The role of new technology in the dairy industry

As in all aspects of life, advancements in dairy technology are allowing us to farm smarter not harder. The more we utilise these technologies and tools for enhancing the productivity and profitability of dairy farming, the more competitive New Zealand will remain internationally.

The benefits go beyond profitability too, with opportunities to improve farming lifestyles and animal welfare. By providing us with incredibly precise information about each individual cow, we can now do things like catch cows in heat or identify sick and lame cows sooner, therefore improving the success of treatment.

Remember though, prevention is better than the cure and new technology will only tell us when something is wrong. You still need to know what to do about it. Farming know-how still plays a role in being able to interpret the data and take the best course of action. 


There are any number of software and apps (combined with various hardware such as GPS, sensors and RFID tags) that give us valuable real-time data about individual cows. The applications of this are almost endless – what do you want to know about your herd? You can monitor and manage an animal’s health, comfort and stress levels, breeding, feeding, hygiene, behaviour and location, improving the management of livestock, enhancing productivity and improving the quality of production.

Automated feeding systems are another modern dairy farming technology. These assess the needs and conditions of individual animals and optimise feeding on a per-animal basis.


Automatic milking systems (AMS) are robotic systems that automatically complete the entire milking process. Human involvement is only needed to monitor the process and this can be done remotely, allowing you to be working on something else at the same time.

Not only is the milking process automated, you don’t even need to get the cows to the milking shed; the cows come in voluntarily when they feel like it which means the milking shed can operate 24/7 with animals coming in during the night. Research has shown that the preferred milking time for dairy cows is 2am.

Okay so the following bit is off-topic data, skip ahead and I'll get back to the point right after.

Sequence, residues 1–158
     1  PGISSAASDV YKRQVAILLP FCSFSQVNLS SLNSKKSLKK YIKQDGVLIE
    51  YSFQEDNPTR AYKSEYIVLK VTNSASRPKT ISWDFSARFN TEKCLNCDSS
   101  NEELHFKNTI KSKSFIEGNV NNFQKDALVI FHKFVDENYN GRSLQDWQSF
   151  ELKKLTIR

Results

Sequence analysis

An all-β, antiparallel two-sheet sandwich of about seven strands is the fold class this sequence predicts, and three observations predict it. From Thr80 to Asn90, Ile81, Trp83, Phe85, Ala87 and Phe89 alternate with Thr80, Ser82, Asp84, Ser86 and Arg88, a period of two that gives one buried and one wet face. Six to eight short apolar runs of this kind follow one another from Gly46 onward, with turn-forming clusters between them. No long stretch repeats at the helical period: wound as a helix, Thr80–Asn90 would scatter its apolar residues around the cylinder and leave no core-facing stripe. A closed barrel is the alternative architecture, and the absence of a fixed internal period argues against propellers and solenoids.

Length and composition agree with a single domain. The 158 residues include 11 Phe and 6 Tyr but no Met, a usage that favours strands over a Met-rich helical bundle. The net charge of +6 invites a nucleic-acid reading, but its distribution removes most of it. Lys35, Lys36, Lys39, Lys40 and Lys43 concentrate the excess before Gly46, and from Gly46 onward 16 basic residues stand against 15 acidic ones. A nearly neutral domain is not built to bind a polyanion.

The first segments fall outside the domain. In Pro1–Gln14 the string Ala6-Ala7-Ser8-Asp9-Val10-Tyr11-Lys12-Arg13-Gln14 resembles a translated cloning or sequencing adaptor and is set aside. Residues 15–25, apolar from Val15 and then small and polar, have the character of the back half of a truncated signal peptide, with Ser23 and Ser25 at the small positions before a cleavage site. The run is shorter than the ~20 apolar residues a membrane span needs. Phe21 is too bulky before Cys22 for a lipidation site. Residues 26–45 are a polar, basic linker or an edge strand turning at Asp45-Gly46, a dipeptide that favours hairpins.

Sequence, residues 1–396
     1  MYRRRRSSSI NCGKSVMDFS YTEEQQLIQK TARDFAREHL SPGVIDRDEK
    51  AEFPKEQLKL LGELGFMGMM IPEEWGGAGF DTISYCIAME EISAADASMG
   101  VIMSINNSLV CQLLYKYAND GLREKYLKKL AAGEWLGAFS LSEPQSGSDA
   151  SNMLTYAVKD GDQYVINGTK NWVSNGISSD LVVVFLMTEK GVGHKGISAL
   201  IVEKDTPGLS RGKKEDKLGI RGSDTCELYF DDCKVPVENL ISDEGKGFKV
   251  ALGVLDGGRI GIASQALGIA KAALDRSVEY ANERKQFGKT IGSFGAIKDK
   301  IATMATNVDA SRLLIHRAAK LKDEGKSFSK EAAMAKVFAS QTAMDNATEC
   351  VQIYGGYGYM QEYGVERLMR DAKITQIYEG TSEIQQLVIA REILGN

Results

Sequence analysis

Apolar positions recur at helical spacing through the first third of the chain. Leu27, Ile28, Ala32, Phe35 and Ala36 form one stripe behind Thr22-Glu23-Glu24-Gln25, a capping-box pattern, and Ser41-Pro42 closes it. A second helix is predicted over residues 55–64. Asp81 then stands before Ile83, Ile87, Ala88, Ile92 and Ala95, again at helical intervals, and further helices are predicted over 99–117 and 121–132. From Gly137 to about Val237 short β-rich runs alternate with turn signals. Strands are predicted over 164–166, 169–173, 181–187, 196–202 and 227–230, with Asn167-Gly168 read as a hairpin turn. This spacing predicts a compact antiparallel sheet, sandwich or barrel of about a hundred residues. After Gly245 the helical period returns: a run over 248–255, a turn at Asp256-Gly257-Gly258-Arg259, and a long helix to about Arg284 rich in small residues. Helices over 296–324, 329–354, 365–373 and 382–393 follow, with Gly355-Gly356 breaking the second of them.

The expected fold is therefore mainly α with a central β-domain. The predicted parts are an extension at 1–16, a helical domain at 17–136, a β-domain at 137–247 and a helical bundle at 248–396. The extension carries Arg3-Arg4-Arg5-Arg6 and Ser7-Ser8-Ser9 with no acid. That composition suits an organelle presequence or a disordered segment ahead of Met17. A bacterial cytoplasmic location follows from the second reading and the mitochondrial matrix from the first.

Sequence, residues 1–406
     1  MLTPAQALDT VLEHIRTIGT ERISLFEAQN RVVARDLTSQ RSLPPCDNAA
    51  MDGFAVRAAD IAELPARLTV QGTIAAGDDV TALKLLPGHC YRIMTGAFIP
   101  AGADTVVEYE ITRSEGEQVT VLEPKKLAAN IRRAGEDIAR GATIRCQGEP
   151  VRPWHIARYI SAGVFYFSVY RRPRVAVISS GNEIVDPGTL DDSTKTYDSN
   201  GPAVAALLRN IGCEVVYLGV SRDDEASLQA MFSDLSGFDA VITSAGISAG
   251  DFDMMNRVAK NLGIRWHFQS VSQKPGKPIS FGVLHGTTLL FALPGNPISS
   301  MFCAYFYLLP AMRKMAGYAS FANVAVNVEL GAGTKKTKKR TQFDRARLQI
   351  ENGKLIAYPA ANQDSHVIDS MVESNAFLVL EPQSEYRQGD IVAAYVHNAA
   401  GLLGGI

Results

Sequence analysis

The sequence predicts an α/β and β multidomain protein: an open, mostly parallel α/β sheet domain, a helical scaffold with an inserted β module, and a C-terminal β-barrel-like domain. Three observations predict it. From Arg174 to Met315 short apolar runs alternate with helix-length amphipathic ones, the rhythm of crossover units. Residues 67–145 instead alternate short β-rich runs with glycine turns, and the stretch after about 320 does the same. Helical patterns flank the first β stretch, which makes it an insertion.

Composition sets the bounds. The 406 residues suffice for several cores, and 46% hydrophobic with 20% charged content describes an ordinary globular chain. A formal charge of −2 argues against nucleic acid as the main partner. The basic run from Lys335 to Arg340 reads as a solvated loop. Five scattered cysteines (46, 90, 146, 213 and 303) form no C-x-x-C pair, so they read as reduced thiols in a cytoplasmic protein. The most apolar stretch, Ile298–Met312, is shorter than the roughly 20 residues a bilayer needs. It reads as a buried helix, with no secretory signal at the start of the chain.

The cow is given access to the milking shed based on an electronic ID located on her body somewhere (ankle, ear, neck). The cow enters, the teats are cleaned and a robotic arm attaches the teat cups to begin and knows when to remove them by detecting milk flow. If the cow is not due for milking the front gates open and she is released.


AMS allows farmers to divert milk to separate tanks if desired and also collects data on milk quality and the animal (e.g. weight, quarter yield and conductivity, colour, protein, fat, SCC).

AMS have high set up costs but over time this is mitigated by savings made on labour and time. And because the cows learn to come in for milking when they feel like it, they come in more often which results in higher production volumes. One Manawatu farmer reported the cows coming in more than twice a day.

Read the benefits this forward thinking Canterbury farmer has noticed from operating an AMS, such as better animal health and time saved on checking animals.

Things to consider before installing AMS

AMS can take a long or short time to apply the teat cups depending on the cow moving round, the side of the teats and shape of her udder. For this reason, AMS are not the best option for high-throughput dairies based on rapid batch milking. 

You need good mobile and broadband access for alert messaging and remote monitoring.